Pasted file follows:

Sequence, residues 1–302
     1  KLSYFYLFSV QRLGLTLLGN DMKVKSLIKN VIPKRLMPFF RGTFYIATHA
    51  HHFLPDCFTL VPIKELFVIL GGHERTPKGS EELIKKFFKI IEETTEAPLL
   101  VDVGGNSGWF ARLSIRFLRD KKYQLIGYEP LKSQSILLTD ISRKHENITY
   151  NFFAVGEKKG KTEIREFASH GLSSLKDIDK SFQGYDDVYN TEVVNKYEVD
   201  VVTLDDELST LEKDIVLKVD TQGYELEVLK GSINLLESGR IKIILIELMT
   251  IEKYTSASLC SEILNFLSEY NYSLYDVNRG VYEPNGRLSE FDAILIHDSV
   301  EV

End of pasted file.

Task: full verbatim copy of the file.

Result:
Sequence, residues 1–302
     1  KLSYFYLFSV QRLGLTLLGN DMKVKSLIKN VIPKRLMPFF RGTFYIATHA
    51  HHFLPDCFTL VPIKELFVIL GGHERTPKGS EELIKKFFKI IEETTEAPLL
   101  VDVGGNSGWF ARLSIRFLRD KKYQLIGYEP LKSQSILLTD ISRKHENITY
   151  NFFAVGEKKG KTEIREFASH GLSSLKDIDK SFQGYDDVYN TEVVNKYEVD
   201  VVTLDDELST LEKDIVLKVD TQGYELEVLK GSINLLESGR IKIILIELMT
   251  IEKYTSASLC SEILNFLSEY NYSLYDVNRG VYEPNGRLSE FDAILIHDSV
   301  EV